Microsoft has been researching speech recognition for more than fifteen years. It has released enterprise products like Speech Server for telephony systems, and built rudimentary voice commands into Windows Mobile so that a woman whispers “Say a command!” in my ear when I push the wrong button on my phone. (A striking invitation but she never does anything interesting.) Bill Gates gave a speech last week where he predicted that within five years more Internet searches will be conducted using speech recognition than a keyboard.
He might have a point. Windows Vista has a new generation of speech technology built in, waiting for you to discover it. It’s drop-dead easy to set up and its accuracy is startling – reportedly as high as the latest expensive version of Dragon Naturally Speaking, the only competitor still standing after years of disappointing products.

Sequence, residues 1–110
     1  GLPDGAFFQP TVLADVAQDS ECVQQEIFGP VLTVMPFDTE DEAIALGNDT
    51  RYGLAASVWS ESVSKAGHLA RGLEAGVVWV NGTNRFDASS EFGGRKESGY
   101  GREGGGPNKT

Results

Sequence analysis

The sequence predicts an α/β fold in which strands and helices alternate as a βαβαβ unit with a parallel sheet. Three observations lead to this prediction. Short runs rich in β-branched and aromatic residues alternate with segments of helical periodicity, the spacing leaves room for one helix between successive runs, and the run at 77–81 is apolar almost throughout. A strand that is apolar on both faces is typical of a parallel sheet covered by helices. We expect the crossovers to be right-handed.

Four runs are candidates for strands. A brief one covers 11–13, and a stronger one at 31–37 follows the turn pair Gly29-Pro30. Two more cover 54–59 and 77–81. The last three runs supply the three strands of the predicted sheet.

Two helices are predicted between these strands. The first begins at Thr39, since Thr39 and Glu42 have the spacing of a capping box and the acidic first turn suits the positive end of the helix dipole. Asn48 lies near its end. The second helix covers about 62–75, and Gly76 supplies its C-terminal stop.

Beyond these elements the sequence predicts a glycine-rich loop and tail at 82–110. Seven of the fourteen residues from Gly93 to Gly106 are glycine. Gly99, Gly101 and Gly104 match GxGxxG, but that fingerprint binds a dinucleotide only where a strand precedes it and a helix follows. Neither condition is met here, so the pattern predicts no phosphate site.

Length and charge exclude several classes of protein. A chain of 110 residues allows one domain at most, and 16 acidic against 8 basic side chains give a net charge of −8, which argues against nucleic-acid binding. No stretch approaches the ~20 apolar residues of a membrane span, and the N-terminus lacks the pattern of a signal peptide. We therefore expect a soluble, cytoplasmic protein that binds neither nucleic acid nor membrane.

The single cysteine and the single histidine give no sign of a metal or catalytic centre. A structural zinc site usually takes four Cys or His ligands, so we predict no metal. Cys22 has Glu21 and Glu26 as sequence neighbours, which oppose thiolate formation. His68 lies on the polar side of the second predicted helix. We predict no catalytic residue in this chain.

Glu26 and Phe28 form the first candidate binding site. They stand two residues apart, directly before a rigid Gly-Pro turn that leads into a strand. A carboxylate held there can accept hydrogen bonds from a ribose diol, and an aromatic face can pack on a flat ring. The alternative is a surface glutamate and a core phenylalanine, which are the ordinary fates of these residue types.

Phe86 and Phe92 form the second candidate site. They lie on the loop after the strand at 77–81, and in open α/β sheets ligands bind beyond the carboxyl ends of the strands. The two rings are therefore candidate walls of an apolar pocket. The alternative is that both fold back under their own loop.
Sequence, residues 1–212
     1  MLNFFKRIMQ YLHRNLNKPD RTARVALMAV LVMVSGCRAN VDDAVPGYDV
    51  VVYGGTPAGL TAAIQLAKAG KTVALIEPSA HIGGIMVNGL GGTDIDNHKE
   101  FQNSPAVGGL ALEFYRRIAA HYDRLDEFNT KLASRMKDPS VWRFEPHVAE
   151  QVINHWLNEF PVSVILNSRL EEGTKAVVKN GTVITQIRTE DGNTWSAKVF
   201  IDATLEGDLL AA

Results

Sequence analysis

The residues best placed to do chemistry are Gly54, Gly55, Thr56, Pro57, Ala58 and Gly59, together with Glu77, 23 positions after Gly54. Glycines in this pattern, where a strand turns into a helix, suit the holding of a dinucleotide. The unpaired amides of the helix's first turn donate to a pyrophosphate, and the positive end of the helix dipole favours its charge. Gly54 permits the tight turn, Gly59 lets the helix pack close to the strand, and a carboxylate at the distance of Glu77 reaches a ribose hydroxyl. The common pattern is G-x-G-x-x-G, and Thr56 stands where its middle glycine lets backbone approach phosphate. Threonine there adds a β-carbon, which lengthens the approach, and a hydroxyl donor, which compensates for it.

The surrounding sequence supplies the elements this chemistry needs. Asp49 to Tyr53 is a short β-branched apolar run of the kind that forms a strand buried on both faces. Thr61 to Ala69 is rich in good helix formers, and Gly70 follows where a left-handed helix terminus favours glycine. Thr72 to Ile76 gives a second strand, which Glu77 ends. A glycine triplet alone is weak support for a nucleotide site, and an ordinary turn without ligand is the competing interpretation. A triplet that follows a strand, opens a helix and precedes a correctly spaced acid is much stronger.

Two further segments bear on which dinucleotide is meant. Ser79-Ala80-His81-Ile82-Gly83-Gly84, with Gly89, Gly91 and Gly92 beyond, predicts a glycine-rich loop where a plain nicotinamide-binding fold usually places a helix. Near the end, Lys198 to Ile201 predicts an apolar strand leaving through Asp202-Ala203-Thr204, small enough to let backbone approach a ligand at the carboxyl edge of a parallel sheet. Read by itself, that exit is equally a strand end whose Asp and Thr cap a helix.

Vista’s speech recognition can take dictation in documents and e-mail, as well as switch between programs and perform almost any command in almost any program. There are a number of special commands but they’re surprisingly intuitive (“Click File“, “Switch to Outlook“, “Scroll down”).
You’ll need a decent microphone or headset; a USB microphone or headset is highly recommended. Those are inexpensive – for example, Logitech’s Clear Chat Comfort USB headset is typically 35 to 40 dollars.
This article has a walkthrough of the speech recognition setup and features, and Microsoft has more information and tutorials on this page. The accuracy and flexibility is pretty remarkable. I’m having a lovely time making the cursor fly around without touching the keyboard or mouse. Give it a try!